It does not help that Sykes has a terrible habit of telling and not showing most of what is happening. The opening infraction of infidelity- told not shown. Then the six girls, in groups of three and three, talk, mainly about nothing, in particular, only to wind up at the park (?) where the fight happens. How many days after Chloe cheated is this? Was a challenge thrown down, or did Tracy and her goons just figure out where the others were going to be? Answers to these, which would give much-needed context for how impulsive or carefully plotted this avenging act is, never come.
Also causing Drunken Butterflies: The Director’s Cut to feel disjointed and all over the place are the things it does show the viewer. At a bar, one of the girl trios, gets into a fight with a drunken bachelorette. The fight is all awkward close-ups and confusing geography, making it impossible to follow. Also hard to understand… the point of this scene! It is the definition of grinding gears for no reason. It does not further the main plot, it does not add depth to anyone, and the payoff, later on, is brief, dumb, and ultimately pointless.
“…disjointed and all over the place…”
There is one positive to this trainwreck masquerading as a film; the acting is pretty good. It is my understanding that the story and dialogue were all improvised or scripted day of by the actors themselves. This explains Drunken Butterflies: The Director’s Cut jumbled feeling, as its clear they were doing things they thought would be cool or interesting day of, without regard if it made sense overall. But, they are all clearly having fun and ably embody their characters with ease. Tracy Bell, as Tracy, is very believable as a (seemingly) vapid, easy to anger person. As the movie progresses, the actress is able to show a growth that the poor story construction and even worse directing could not.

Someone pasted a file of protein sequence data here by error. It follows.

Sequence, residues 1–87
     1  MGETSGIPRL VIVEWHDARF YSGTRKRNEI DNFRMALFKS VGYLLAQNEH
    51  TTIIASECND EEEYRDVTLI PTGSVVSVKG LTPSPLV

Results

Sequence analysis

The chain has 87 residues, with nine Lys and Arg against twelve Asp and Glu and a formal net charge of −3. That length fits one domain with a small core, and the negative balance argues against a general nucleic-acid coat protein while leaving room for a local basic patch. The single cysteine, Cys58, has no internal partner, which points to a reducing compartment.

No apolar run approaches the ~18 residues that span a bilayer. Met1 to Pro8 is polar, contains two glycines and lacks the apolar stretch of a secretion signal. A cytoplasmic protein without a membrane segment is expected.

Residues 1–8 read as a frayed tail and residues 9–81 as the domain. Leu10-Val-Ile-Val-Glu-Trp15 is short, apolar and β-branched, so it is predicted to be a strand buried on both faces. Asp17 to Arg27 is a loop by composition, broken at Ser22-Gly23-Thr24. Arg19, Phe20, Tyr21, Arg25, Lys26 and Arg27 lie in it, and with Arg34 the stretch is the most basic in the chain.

It is my understanding that Drunken Butterflies: The Director’s Cut strips away the original’s reality-TV aesthetic (based on the press release). But in doing so, he created a film that’s sole identity is that of being afraid of medium and wide shots (discombobulating extreme close-ups are the norm here), which is not the same thing. The directing is messy, with only one scene near the end, finding a natural rhythm and momentum before quickly cutting to something confusing and pointless.
Basically, all this movie proves is that sometimes, the director is wrong, because every choice Sykes made to reinvent Drunken Butterflies for society now was the wrong one. The directing is a mess, favoring close-ups without establishing shots, leaving the audience confused. He tells and does not show, leaving the viewer disinterested. The story is only concerned with the present scene, leaving all watching until the end disheartened. Nothing here works, save for the cast.
"…there is one positive to this trainwreck masquerading as a film; the acting..."